To find out the relation between two variables, you must create a scatter diagram, where both variables are represented by their natural values. The two-variable relation can be expressed as follows:

Where \( X\) and \( Y\) are the variables (or values ??of those variables) and \(a\) and \(b\) are constants or coefficients. The coefficient can be 0 if both variables are independent of each other.

To get the scatter relation between the two variables, you need to collect all the pairs of values of \(X\) and \(Y\) which form a complete scatter diagram (where you place two points on each variable). Then, for every pair of values, calculate the correlation coefficient:

Where \(r\) is defined as a ratio of \(a/b\). The value \(r = 0.0 \ll r\ll 1.0\), or when neither variable is connected to another and their relationship is “neutral” (which does not mean that they are completely unrelated).

Conclusion:

The scatter diagram method is a useful tool for the analysis of relations between two variables. It is used to visualize the correlation between two variables and to learn how they are related. To create a scatter diagram, you need to get pairs of values of the two variables and calculate the correlation coefficient between them. The value of \(r\) gives the degree of correlation between two variables and tells us what kind of relationship exists.

* SCATTER DIAGRAM CONSIDERATIONS

  • The correlation coefficient of zero does not mean that there is no connection between the two variables, but only that the strength of the relationship between them is very weak. in general, the direction in which there is a higher correlation between two variables is greater than 0.5 (there are some cases where there will be zero correlation with a directional trend).
  • The more correlated these two variables are, the more confidence we can gain from using them to predict future values ?? of both variables. In conclusion, you need to see if both trends rise and fall together in significant amounts.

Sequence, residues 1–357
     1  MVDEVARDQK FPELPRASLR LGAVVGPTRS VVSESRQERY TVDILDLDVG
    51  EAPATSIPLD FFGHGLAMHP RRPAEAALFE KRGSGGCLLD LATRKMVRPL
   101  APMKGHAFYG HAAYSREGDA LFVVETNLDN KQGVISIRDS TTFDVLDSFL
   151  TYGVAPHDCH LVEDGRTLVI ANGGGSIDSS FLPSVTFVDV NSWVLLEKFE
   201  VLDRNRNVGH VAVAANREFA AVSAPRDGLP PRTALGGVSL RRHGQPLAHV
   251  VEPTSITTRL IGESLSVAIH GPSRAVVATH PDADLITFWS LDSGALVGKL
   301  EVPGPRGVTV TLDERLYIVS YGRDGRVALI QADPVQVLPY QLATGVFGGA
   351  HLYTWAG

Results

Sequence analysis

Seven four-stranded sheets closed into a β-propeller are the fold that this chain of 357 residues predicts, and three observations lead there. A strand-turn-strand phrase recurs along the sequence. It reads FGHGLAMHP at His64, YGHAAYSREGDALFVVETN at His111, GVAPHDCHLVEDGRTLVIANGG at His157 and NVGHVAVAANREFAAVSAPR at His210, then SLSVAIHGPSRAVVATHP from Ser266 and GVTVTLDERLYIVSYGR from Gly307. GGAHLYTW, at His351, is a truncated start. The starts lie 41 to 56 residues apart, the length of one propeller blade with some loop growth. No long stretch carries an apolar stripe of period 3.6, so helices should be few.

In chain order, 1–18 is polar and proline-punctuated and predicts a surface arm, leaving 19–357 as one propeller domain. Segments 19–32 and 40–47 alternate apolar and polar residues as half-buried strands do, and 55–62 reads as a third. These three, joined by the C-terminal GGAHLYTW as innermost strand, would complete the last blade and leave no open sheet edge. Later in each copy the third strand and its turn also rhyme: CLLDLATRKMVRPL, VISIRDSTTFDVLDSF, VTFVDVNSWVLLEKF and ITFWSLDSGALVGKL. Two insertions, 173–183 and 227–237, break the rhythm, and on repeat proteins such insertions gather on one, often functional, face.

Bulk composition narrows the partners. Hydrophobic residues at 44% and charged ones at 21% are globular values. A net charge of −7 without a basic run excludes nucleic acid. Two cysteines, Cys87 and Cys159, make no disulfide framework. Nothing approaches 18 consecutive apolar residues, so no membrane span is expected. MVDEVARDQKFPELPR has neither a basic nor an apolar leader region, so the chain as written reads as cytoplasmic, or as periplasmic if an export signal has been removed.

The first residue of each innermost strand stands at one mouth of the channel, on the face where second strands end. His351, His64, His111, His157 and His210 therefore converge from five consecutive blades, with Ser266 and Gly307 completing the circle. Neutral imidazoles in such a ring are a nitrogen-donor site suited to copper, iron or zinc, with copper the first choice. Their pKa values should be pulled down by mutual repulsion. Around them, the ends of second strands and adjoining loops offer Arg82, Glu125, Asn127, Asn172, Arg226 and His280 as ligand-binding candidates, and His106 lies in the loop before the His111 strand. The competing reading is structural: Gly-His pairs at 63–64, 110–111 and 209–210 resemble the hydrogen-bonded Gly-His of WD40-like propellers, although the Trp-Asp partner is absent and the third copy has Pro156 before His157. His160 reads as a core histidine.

• The term significant in the context of statistical analysis means that the correlation is greater than 0.5 and less than 1.0.
  • In situations where the correlation between two variables is high, the correlation coefficient (r) may be close to 1, but it does not mean that this situation will exist indefinitely in the future.
  • When you predict the variables X and Y (= price), both positive and negative changes (in other words, we assume that there will be changes in \(X\) and \(Y\)), but these values ?? will vary over time.
  • In the case of multiple correlation calculations, you can look at the scatter diagram (the graphic plot of data) to see through all the variables.
  • If the scatter diagram shows no relationship between the variables, consider whether the data might be stratified.
  • When the correlation is high (closer to 1), you can say that both variables are strongly related and that their relationship is almost linear on the scatter diagram.
  • Not all data sets lend themselves to visualizing diagrams of two variables.
    Trends that are not related or data that does not show strong trends (such as with normal distribution) do not lend themselves to visualization by a scatter diagram.